In the last post, we have learned about multiple kinds of a recovery scenario. Now in this article, we are going to learn about the steps which are used How to recover from a loss of all redo log members of an ACTIVE group.  As we all know what is active group ACTIVE status means that there are still some buffers in buffer cache which haven’t been flushed to disk since a modification done when that log was CURRENT. A more formal explanation would be that the checkpoint position (the redo byte address (RBA) of the redo thread up to which all the corresponding dirty buffers have been flushed) has not passed beyond that logs and yet, thus some blocks of that redo log would be still needed for recovery in case of an instance crash.

 

According to the Oracle documentation, there are more steps to complete when you lose all redo log members of an ACTIVE group and exists the chance to have lost some transactions.
If you are able to force the database to perform a checkpoint then you can clear the missing redo log group, or, you need to execute an incomplete recovery.
I was able to recreate both the scenarios using some scripts and verify when you lose transactions.
Dealing with the loss of ACTIVE and, in the next post, CURRENT redo log group could mean discovering to have lost some transactions.

To simulate the loss of ACTIVE redo log group I use a script and, with a query, I try to identify the redo log members to be deleted manually.

The first scenario, while the instance was still up and running, I was able to execute a checkpoint and perform a complete recovery;
to simulate the second scenario, that is an incomplete recovery, I needed to kill the instance so no checkpoint could be completed.

Let’s see the examples.
Take a look at the script first. It executes for three times a query on v$log and v$logfile to show the status of the redo log group, insert 100 rows in three different tables, commit and force a logfile switch.
After the last insert it executes again the previous query.

Then I executed the script and this was the output:

At this moment redo log group number 2 was ACTIVE and still NOT ARCHIVED… but few second later it was simply ACTIVE and ARCHIVED:

Have a look at the contents of the three table before simulating the lost:

It was time to delete all redo log members of group 2:

The instance was still up and running and I was able to complete a checkpoint as Oracle documentation suggests. Because the operation was successful, the active redo log became inactive.

And now it’s time to clear the redo logfile group 2

The query shows those members are just created and never used.

Will the rows still be there if we perform a restore of our database ? Let’s look with an example

Connecting with RMAN I restore and recover the database:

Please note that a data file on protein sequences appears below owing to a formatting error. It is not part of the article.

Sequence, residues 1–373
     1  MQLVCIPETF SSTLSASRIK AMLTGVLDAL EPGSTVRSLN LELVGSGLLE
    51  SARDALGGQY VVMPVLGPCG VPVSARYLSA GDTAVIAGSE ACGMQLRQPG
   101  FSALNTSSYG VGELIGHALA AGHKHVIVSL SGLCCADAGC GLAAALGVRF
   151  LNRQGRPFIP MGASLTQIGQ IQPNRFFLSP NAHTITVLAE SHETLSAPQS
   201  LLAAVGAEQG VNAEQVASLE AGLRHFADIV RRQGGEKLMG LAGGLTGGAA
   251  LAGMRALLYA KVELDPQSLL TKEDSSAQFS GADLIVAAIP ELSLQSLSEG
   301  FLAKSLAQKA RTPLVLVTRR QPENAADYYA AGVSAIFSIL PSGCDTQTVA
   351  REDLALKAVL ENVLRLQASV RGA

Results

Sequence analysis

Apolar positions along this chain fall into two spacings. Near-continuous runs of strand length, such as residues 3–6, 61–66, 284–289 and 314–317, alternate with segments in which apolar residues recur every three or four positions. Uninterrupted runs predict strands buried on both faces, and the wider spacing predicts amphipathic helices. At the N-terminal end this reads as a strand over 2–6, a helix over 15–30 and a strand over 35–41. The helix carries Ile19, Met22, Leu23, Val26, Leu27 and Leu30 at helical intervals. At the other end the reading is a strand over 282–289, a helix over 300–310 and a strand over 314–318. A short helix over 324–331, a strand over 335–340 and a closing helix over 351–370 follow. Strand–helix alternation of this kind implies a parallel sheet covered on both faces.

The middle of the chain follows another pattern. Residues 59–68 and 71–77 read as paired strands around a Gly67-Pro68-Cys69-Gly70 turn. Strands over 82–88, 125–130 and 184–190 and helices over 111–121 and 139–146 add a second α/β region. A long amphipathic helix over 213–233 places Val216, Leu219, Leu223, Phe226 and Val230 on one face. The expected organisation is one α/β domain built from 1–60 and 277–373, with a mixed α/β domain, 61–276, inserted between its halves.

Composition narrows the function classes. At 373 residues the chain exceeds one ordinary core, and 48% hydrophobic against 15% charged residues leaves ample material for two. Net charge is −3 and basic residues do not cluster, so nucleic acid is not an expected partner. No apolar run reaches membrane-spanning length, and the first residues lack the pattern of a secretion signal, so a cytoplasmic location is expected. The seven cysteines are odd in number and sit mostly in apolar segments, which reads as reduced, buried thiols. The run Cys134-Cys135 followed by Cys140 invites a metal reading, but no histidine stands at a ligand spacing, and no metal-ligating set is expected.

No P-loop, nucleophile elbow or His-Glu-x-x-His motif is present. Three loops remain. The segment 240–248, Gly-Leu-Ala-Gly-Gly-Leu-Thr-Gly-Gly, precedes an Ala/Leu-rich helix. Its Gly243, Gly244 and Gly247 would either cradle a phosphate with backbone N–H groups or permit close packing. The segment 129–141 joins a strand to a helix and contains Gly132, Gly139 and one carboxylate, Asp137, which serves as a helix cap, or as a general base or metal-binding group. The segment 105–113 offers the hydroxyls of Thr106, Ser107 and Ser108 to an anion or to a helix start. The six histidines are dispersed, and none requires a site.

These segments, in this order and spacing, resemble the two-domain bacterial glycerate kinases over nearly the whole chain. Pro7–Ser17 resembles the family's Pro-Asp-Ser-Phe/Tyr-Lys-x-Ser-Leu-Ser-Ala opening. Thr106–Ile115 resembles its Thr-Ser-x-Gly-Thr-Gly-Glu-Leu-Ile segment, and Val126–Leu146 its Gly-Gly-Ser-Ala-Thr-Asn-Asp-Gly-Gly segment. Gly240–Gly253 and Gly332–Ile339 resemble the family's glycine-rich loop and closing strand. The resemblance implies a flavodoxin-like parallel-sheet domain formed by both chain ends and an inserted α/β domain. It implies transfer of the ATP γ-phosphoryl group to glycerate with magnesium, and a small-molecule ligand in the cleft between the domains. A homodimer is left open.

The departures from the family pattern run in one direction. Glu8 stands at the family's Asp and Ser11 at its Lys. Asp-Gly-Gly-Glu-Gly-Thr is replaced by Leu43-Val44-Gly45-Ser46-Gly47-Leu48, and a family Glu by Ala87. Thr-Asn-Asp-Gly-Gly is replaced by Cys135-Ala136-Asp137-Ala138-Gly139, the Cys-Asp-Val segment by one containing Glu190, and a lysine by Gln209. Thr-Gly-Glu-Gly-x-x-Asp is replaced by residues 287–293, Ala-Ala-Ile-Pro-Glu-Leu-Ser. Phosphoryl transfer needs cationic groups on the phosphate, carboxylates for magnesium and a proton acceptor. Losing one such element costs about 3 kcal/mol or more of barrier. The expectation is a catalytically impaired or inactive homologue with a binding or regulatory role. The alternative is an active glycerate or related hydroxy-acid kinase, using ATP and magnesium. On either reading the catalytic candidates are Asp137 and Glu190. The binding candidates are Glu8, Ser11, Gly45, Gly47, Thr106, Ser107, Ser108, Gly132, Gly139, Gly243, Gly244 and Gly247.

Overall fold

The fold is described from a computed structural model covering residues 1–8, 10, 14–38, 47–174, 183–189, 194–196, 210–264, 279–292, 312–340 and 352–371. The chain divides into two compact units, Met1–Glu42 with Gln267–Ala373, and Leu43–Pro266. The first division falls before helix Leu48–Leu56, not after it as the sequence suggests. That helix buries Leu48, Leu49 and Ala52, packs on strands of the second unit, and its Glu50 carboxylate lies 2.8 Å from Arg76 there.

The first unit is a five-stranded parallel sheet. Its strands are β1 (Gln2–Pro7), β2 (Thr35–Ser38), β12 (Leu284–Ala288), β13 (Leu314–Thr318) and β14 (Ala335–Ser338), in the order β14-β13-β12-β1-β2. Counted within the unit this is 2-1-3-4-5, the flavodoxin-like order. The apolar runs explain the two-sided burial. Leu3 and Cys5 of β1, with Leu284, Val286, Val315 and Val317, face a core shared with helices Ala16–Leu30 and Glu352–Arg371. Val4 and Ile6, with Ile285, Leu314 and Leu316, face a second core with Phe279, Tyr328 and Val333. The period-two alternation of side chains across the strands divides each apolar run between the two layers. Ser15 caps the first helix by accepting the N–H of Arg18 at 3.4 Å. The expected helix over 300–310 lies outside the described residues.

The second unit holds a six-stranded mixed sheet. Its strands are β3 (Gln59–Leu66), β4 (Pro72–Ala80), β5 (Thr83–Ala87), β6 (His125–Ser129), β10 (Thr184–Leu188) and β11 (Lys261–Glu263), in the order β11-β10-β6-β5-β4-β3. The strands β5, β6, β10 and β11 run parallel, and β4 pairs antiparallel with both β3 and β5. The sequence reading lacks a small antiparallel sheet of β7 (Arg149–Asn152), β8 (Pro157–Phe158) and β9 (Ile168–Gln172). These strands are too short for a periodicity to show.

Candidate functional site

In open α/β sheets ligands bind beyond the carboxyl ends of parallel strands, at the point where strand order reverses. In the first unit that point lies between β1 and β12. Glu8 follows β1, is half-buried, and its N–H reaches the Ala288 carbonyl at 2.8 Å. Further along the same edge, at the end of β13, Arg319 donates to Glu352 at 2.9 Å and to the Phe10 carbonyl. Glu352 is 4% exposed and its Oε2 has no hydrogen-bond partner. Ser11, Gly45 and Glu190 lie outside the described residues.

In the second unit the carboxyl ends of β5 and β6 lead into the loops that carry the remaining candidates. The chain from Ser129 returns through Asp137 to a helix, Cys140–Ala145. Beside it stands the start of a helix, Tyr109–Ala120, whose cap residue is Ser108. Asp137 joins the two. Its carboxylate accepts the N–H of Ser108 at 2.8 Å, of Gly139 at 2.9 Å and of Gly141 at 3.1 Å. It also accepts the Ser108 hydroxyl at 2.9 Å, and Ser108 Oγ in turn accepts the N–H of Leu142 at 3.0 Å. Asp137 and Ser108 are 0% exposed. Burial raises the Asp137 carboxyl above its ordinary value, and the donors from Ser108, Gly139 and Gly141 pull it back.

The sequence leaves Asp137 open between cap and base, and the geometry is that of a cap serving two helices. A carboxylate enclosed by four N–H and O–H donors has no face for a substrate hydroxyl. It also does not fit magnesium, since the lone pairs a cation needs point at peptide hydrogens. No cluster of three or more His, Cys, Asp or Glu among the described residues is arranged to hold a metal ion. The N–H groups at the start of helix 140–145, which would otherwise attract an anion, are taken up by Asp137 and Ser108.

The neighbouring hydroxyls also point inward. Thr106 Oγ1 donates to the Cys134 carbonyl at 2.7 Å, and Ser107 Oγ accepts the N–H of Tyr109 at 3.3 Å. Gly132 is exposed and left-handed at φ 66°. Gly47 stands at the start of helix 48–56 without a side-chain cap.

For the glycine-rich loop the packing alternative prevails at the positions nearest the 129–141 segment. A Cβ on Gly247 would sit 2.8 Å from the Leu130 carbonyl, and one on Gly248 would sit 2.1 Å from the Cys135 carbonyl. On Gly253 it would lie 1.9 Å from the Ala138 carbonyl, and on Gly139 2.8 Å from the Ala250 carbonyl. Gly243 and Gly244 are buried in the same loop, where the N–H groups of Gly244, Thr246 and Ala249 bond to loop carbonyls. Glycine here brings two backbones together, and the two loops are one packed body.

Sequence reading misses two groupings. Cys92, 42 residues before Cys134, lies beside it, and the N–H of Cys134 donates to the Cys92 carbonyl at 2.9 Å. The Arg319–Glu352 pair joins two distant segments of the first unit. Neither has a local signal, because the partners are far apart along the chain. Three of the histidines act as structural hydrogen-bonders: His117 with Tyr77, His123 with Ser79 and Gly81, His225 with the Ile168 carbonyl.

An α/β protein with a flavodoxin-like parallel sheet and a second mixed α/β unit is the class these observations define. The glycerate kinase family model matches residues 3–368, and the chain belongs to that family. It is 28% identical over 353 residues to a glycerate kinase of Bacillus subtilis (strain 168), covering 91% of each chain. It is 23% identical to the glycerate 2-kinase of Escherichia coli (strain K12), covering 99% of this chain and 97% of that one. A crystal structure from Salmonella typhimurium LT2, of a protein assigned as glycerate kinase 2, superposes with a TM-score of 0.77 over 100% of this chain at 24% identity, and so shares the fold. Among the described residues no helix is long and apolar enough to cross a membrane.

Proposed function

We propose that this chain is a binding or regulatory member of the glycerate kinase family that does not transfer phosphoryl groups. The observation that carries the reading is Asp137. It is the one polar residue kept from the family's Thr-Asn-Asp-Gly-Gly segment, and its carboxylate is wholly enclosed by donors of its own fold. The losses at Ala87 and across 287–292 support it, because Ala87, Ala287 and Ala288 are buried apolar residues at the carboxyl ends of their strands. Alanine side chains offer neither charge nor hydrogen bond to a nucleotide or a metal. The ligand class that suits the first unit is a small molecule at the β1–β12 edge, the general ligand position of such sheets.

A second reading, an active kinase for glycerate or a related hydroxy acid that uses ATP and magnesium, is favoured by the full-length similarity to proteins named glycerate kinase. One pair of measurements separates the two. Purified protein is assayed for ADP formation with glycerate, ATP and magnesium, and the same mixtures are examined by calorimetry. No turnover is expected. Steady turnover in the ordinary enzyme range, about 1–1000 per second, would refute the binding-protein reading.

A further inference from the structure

The database is open and the rows are still there.

So our rows are all there. Now it’s time to simulate the second scenario. First of all I need to find the process id of the smon process.

Then in three different Unix terminals I prepared the following commands (each on one terminal of course). In this way with just one RETURN button I’m able to remove the ACTIVE redo log group and kill the instance, without any checkpoint and “perhaps” loosing transactions.

The script I’m going to execute inserting rows on others three different tables:

The output of the script just executed:

I’m going to remove all members of redo log group number 1 and kill the instance.

Let’s start the instance in MOUNT mode and query the v$ views as we don’t know what happened. I try to issue a checkpoint but it cannot complete because the database is not open.

The Oracle documentation says we have to perform an incomplete recovery up to the latest valid SCN that is indicated into FIRST_CHANGE# column of v$log view of the missing redo log group.

In my case I can restore and recover until SCN 14126367. Let’s look the following steps:

The database is open… but I’m missing a table and its rows.

There are instead the two other tables. As you can see above following the output of the running script the missing table was created just on the redo log group number 1

To summarize:
1. Try to perform “alter system checkpoint“. If successful clear the lost redo log group: “alter database clear logfile group ” (you have completely recovered your database)
2. If unsuccessful query FIRST_CHANGE# column of v$log to know the latest SCN for the missing redo log group. Then using RMAN: startup mount; restore database until scn ; recover database until scn ; alter database open (you have lost some transactions)

Thank you for giving your valuable time to read the above information.

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